Competitive benchmarking is the strategy of comparing the products, public relations and other characteristics of a particular company with those of a competitor. This type of comparison is something that many individuals and businesses conduct, either as a means of creating plans to compete more effectively in the marketplace, or to secure goods and services from the most reliable vendor, and at the best price possible. Because circumstances can change over time, the process of competitive benchmarking is ongoing, and can never be considered completed.
With companies that want to capture a larger share of the consumer market, competitive benchmarking is essential to understanding how the current product line compares to similar products offered by other companies. The idea is to compare those products based on several factors, including price, quality, and range of use. By making comparisons of this type, it is possible to identify where the current product line offers a benefit that is not offered by the competition, or possibly identify some consumer need that is not being met by any of the products currently on the market. Financial stability, leadership, and general personnel policies may also be points of comparison. The data that is collected can be used to create marketing campaigns that call attention to the product's unique benefits, or even to create some sort of value add to the product line as a means of distinguishing it from the competition.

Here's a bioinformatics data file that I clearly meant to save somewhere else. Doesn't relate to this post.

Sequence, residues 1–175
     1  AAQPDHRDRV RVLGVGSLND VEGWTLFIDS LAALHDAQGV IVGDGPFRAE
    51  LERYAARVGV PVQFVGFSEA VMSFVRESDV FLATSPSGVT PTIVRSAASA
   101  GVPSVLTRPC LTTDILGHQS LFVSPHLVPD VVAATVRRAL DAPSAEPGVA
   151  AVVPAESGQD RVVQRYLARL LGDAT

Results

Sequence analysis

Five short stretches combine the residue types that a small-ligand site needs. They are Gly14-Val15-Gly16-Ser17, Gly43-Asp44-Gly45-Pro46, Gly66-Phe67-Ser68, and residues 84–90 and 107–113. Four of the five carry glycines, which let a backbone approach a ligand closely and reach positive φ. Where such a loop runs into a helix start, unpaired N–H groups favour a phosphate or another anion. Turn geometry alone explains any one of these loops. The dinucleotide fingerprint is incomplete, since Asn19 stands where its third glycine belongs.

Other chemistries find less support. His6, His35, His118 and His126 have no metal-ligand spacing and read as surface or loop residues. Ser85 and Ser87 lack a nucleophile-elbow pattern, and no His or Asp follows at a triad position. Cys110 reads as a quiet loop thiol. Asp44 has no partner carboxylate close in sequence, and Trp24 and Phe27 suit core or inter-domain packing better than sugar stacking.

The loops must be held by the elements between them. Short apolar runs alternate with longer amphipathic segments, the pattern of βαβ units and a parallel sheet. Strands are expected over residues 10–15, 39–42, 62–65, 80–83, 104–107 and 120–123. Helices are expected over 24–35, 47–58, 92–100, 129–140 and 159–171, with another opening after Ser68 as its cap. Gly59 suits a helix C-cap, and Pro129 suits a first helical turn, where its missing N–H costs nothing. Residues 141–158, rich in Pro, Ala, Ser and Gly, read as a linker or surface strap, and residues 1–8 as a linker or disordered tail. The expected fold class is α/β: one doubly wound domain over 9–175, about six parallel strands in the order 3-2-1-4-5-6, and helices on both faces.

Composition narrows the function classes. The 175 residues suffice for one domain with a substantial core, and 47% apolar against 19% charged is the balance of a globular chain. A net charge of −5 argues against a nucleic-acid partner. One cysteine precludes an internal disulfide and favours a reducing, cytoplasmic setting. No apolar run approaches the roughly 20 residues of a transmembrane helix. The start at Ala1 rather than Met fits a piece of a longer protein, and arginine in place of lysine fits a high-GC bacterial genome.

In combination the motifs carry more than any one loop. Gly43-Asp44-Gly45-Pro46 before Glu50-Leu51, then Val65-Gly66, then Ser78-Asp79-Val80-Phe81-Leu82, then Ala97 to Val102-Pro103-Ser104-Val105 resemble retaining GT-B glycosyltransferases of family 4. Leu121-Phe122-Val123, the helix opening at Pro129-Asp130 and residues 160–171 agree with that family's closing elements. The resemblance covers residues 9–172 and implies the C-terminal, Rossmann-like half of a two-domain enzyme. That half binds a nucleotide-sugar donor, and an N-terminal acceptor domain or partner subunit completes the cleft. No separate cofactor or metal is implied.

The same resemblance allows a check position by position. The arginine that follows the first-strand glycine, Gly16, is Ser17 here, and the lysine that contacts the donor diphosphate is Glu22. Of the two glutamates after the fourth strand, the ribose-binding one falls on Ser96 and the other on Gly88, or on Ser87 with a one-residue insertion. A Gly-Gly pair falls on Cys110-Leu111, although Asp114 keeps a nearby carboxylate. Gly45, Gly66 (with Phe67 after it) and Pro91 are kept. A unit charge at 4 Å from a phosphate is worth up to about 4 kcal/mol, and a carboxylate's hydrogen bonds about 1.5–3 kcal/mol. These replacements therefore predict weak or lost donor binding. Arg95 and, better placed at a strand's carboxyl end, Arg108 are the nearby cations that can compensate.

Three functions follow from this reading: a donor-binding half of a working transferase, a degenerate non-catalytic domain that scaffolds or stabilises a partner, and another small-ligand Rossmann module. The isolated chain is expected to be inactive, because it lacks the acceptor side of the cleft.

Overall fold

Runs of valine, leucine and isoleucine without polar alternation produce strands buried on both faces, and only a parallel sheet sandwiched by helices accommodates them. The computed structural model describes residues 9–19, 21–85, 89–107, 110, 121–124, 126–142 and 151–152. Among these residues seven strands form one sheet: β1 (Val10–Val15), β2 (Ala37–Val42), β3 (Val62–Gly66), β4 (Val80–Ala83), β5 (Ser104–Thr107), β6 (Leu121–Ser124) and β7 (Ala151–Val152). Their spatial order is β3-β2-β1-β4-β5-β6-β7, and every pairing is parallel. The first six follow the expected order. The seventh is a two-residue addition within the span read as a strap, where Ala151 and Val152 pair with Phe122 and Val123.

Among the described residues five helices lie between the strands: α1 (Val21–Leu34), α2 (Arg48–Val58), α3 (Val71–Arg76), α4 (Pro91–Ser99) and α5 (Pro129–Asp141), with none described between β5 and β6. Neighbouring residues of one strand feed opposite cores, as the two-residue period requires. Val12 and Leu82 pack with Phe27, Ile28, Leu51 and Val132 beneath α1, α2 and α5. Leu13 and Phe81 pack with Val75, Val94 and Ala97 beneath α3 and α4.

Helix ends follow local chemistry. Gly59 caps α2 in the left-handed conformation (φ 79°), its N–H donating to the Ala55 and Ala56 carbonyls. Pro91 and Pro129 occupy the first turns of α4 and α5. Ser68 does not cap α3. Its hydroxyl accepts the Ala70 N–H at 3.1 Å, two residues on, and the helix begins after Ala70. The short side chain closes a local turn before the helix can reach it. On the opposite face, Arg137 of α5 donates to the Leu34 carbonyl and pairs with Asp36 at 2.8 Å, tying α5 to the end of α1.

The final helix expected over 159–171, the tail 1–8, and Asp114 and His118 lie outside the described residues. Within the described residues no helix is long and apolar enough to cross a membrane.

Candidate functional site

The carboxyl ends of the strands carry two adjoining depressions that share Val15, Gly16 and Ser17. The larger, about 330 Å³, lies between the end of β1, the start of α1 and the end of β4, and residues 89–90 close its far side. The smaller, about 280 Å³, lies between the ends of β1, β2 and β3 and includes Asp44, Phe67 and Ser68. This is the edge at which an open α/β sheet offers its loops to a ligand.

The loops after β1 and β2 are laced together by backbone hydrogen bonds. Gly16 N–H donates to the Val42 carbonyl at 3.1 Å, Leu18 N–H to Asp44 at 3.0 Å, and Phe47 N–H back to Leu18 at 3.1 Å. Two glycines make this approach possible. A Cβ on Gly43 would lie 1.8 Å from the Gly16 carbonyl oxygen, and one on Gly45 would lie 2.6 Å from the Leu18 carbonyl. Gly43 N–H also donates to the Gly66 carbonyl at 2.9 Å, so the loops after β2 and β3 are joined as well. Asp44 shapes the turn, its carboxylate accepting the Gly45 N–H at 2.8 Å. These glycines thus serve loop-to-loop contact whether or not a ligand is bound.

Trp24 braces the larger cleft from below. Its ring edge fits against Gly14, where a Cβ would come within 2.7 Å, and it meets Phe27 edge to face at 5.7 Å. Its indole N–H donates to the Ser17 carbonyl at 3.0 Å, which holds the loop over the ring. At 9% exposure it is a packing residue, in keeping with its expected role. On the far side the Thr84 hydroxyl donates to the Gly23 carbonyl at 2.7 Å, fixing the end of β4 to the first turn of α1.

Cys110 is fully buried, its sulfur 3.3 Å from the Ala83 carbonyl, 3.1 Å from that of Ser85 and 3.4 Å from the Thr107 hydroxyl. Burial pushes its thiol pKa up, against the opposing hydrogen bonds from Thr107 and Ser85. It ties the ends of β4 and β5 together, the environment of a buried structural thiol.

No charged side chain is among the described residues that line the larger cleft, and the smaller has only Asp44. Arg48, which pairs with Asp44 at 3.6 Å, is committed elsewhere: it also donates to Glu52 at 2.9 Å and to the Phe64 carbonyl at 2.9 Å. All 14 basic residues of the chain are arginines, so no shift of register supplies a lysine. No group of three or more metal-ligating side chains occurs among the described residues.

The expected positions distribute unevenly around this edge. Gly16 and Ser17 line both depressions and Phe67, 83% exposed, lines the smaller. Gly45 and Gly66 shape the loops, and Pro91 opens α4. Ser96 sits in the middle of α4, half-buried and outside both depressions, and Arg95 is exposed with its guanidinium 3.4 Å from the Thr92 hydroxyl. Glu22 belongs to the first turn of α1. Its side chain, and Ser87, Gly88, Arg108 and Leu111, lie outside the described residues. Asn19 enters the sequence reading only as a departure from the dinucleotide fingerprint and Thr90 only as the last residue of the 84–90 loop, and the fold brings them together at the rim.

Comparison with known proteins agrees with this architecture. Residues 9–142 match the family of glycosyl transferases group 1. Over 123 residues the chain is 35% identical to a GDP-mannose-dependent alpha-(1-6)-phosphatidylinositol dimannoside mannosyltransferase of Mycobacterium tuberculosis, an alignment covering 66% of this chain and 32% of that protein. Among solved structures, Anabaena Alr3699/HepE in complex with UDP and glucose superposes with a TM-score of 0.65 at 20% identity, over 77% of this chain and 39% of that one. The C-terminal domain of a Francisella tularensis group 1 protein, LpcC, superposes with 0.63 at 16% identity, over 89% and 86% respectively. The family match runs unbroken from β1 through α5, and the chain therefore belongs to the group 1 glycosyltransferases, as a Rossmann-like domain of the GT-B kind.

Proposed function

For individuals or companies that are seeking vendors for different goods or services, the process of competitive benchmarking involves comparing what two or more potential providers offer. As with most business deals, pricing is an important point of comparison. Along with the cost, comparing the quality of each product, assessing the customer support offered by each supplier, and determining who offers the best in the way of service delivery are also key to the process. In many instances, the technology used by the suppliers to provide the desired goods or services will also come under close scrutiny. Ultimately, one potential vendor will emerge as the logical choice, and a working relationship between the customer and the selected vendor can be established.
The process of competitive benchmarking does not end once the first round of comparison has taken place. Many businesses continue to utilize this basic concept as a means of determining what may have changed since the last comparison took place. The ongoing comparison may be very structured and formal, or be conducted in a more casual and informal manner.